Cabaret Voltaire’s Richard H. Kirk dies, aged 65
Kirk formed the influential industrial group in 1973
Richard H. Kirk, the electronic musician best known as founder of pioneering industrial group Cabaret Voltaire has died, aged 65.
The news was confirmed in a statement by his label Mute, who said: “It is with great sadness that we confirm our great and dear friend, Richard H. Kirk has passed away. Richard was a towering creative genius who led a singular and driven path throughout his life and musical career. We will miss him so much.”
Kirk was born in Sheffield in 1956, and formed Cabaret Voltaire alongside Chris Watson and Stephen Mallinder in 1973. The group took their name from a Zürich nightclub, which had served as the epicentre for the early Dadaist avant-garde art movement. The trio were pioneers of industrial music, who used DIY techniques and the "non-musical" stylings of Brian Eno and Roxy Music to merge the sounds of electronic and pop with post-punk grit.
Cabaret Voltaire signed to Rough Trade in 1978, and went on to release a string of successful singles and EPs such as ‘Extended Play’ and ‘Nag Nag Nag’ as well as early albums, ‘Mix-Up’, ‘Three Mantras’, ‘The Voice of America’ and ‘Red Mecca’. Voltaire would go onto release 14 studio albums in total, alongside numerous EPs, live albums and a soundtrack.
In 1981, Watson left the group, while Kirk and Mallinder took the project in an increasingly electronic direction. They became increasingly influenced by the sounds of house and techno coming out of America, which ultimately led to them travelling to Chicago to work with legendary house producer Marshall Jefferson on their 1990 album, ‘Groovy, Laidback and Nasty’.
After Mallinder’s departure in 1994, Kirk was sole remaining member of Cabaret Voltaire, though he never released under the title, instead opting to put out music under the aliases as a Sandoz and Electronic Eye, as well as under his own name.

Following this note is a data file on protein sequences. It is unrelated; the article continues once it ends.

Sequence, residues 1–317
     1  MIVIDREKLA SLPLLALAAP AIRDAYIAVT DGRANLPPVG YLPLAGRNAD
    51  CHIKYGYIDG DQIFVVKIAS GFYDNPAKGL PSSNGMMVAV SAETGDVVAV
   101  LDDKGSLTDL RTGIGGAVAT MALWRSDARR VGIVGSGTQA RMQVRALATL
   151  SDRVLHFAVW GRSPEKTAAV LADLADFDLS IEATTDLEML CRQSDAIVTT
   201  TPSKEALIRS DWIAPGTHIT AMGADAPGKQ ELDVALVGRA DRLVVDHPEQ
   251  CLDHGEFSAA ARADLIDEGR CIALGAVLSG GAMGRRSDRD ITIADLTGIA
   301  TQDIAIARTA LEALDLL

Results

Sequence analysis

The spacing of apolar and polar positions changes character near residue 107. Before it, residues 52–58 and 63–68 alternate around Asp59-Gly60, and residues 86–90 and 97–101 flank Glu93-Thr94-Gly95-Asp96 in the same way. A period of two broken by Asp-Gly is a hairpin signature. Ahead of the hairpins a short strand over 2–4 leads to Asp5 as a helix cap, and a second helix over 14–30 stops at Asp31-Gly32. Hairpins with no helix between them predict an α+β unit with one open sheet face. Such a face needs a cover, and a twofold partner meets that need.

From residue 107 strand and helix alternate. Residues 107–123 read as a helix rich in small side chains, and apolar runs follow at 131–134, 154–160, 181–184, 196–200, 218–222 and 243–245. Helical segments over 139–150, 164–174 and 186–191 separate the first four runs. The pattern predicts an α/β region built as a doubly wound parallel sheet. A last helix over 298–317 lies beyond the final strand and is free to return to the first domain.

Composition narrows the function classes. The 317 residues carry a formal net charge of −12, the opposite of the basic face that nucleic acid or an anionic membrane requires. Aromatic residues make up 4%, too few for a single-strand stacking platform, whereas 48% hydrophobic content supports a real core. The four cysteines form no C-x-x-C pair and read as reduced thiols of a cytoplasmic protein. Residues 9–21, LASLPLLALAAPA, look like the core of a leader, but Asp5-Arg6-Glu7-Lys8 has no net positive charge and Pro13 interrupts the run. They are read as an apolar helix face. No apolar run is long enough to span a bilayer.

Kirk revived the Cabaret Voltaire moniker in 2014 with a string of live performances, including one at Berlin Atonal, and one at Dekmantel in 2016.
In November 2020, Cabaret Voltaire released their first new album in almost three decades, ‘Shadow of Fear’, with Kirk as sole member. This was followed in 2021 by three releases: ‘Shadow Of Funk, ‘Dekadrone’ and ‘BN9Drone’
Tributes have been paid to Kirk on social media following the news of his passing. Listen to Cabaret Voltaire’s ‘Sensoria’ from their 1984 album, ‘Micro-Phonies’ below. Revisit Neil Kulkarni's 2013 interview with Kirk for DJ Mag here.
It is with great sadness that we confirm our great & dear friend, Richard H. Kirk has passed away.
Richard was a towering creative genius who led a singular & driven path throughout his life & musical career.
We will miss him so much.
We ask that his family are given space. pic.twitter.com/Ok8u3dNx3T
— Mute (@MuteUK) September 21, 2021
Farewell to Richard H Kirk (1956-2021) of legendary Sheffield band Cabaret Voltaire. Connecting the experimental side of Roxy Music with William S Burrough's cut up techniques, their The Voice of America (1980) and Red Mecca (1981) remain utter gems of exploratory sound today. pic.twitter.com/TxWXE99wSy
— Robin Rimbaud - Scanner (@robinrimbaud) September 21, 2021
R.I.P. Richard H. Kirk you changed the fabric of music forever and will not be forgotten https://t.co/Ds9XGQ9CXb pic.twitter.com/eNhWJznVGF
— Dark Entries Records (@darkentriesrecs) September 21, 2021
Sad news to here of the passing of Richard H Kirk .One one the UK Daddy's of electronica -The cabs DIY approach was an early inspiration of what to do with synths in the 70s , then the ease at which he entered into the 90s club culture with out having to change his game much. https://t.co/9iAjhd4JoI
— 808 State (@state808) September 21, 2021